Chunky is in a whiney, temper-tantrum stage. Groan! We’ve punished, ignored, and even laughed through his repeated trips to Camp Pitch Fit. But all of us, even Monkey, are worn thin by Chunky’s loud wails and floor pummeling.
Of course you can’t give in. But standing your ground is so much easier said than done.
This morning, we all woke up a little late. I got my sleepy boys downstairs, asked them what they wanted for breakfast, and rushed about making my own peppermint tea and their cinnamon toast.
I don’t know why I did it. I knew, even as I cut the crust off their toast, that no good could come of such an action. I’ve always made them deal with their own crust issues, and slicing off the edges for them set a dangerous precedent.
I handed them their plates, and Chunky immediately went into whine mode. “I didn’t want mine toasted.”
Thinking it was entirely possible I’d missed his request for non-toasted toast, I told Chunky to give his brother his square of warm, buttered bread, and I would make him “cold toast.”
Time was slipping away, so I buttered a slice of bread, sprinkled cinnamon on it, and gave it to him—with the crust still on.
Mount Vesuvius erupted on my living room couch. “I don’t want the crust! You didn’t cut it off! Why didn’t you cut it off! Waaaaah!”
Totally unacceptable. I ignored my spewing five-year-old and gulped my own tea and yogurt down while Monkey simply turned the volume on his cartoons up to 50.
Then I told Chunky that he could either eat what he was given or go to school hungry, and I headed upstairs to brush my teeth and throw on clothes.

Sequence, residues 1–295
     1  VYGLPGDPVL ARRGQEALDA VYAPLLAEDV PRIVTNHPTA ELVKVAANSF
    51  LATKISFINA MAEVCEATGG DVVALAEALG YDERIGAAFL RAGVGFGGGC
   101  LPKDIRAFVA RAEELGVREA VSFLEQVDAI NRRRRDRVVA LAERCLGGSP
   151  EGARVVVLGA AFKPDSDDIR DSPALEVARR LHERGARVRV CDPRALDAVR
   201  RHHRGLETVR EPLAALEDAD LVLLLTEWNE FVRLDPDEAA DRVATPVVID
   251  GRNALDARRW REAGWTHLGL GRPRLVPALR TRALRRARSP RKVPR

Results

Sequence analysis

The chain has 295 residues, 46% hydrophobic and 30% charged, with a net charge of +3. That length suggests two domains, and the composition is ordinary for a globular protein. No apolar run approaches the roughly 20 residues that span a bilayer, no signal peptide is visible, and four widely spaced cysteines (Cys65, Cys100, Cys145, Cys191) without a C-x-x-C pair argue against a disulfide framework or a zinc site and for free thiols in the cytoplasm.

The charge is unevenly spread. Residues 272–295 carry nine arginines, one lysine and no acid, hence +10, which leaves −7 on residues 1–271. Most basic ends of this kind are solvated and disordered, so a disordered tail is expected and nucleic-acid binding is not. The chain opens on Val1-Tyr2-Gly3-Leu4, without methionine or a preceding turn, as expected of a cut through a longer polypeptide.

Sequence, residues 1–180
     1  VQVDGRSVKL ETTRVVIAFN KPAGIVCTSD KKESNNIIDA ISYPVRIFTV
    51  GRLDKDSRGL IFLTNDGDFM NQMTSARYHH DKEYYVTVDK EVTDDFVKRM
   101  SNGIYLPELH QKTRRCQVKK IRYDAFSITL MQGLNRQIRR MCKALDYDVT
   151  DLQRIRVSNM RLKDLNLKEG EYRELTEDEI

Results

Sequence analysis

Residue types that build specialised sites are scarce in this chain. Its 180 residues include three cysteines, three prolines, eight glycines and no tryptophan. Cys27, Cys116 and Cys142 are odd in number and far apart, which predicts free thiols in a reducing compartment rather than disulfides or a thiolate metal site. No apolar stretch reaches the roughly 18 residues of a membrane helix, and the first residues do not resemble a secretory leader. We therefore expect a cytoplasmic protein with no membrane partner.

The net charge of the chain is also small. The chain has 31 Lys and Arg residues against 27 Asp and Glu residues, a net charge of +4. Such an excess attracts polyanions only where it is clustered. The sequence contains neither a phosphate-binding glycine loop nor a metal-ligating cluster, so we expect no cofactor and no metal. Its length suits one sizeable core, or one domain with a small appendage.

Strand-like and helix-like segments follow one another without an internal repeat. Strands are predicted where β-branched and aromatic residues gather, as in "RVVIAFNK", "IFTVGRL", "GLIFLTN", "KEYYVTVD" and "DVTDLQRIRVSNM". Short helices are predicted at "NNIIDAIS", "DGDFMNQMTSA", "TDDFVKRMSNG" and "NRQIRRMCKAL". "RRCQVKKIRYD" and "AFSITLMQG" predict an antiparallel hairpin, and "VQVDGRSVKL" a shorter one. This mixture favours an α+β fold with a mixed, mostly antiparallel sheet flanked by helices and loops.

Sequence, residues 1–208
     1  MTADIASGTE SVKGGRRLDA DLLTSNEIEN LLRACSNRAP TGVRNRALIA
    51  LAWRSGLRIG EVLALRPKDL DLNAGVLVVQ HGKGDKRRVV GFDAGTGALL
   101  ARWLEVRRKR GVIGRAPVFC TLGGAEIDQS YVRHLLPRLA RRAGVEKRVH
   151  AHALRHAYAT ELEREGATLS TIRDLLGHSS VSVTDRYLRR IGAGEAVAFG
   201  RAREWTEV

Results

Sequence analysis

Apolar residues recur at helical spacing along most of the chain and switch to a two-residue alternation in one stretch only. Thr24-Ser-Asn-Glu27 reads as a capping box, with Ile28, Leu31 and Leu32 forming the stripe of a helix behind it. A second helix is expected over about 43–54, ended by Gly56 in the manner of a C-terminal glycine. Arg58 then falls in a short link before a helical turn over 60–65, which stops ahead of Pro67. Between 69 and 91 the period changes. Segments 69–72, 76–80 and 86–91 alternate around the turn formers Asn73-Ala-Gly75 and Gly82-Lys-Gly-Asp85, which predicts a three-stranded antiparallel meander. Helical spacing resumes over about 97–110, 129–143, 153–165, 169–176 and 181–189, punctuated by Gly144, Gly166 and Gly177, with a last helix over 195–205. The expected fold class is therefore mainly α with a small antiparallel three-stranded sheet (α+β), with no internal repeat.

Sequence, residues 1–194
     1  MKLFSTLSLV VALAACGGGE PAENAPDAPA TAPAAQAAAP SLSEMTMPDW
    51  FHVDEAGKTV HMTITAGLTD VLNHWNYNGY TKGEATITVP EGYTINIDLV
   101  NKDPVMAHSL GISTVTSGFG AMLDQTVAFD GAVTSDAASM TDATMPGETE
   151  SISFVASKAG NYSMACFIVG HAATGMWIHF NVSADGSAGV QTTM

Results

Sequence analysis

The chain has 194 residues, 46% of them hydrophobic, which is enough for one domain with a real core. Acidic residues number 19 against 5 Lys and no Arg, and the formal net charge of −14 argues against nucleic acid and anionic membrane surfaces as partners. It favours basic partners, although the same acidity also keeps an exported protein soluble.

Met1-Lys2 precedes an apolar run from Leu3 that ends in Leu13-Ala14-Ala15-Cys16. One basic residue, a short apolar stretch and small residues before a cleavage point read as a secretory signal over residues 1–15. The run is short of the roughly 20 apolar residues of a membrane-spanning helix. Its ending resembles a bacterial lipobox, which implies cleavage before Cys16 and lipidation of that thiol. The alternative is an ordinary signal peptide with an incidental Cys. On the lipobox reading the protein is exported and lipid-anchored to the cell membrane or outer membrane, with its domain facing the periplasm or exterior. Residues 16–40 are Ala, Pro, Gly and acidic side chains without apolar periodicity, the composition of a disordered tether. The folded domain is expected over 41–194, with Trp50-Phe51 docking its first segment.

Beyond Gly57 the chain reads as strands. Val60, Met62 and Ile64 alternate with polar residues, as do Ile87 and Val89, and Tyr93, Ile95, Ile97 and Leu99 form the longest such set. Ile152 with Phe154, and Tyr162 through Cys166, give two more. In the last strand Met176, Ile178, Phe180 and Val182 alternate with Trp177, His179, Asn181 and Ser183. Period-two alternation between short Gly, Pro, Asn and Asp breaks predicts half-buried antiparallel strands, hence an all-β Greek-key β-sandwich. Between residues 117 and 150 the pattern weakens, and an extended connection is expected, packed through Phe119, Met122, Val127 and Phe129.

I came back down, shouting to the boys to get dressed. We were dangerously close to late. Entering the living room, I caught the distinct whiff of garlic. What in the world, I thought, but continued into the kitchen to pack Chunky’s snack.
That was when I noticed that he’d thrown away the cold toast I’d given him, gotten a new piece of bread, and cut the crust off himself. He was sitting on the living room floor with his new breakfast. I should have stopped to deal with his sneakiness right then, but time was ticking away.
I turned off the TV, threw socks at my boys, stuffed my towel in my gym bag and said, “We gotta go” the requisite four times.
Again I puzzled at the strong garlic odor, but I figured it was somehow leftover from the garlic cheese biscuits I’d made the night before.
After my fifth “We gotta go,” I noticed the sad little heap of kindergartener on my floor.
“What’s the matter?” I asked.
“I didn’t get to eat my toast.”
I looked at the square of toast on his plate and realized that instead of cinnamon, he’d dumped garlic powder on his bread. He’d taken a few nibbles, but his sad little face clearly stated the nastiness of his concoction.
“It doesn’t taste very good, does it?” I asked him.
His lip wobbled, and he shook his head ‘no.’
Quickly I explained that he deserved to either have to eat his mistake or go without breakfast, but that I was going to give him what he didn’t deserve. Grace. And a new piece of buttered, crustless bread, with cinnamon on top.
At five, I’m not sure Chunky can fully grasp the concept of grace. But I do know that he was incredibly glad that he didn’t have to eat his bread with garlic powder. The few bites he took were enough to temper the sweetness of defiance—and give him some pretty potent garlic breath.
In Others’ Words: Discipline and Celebration
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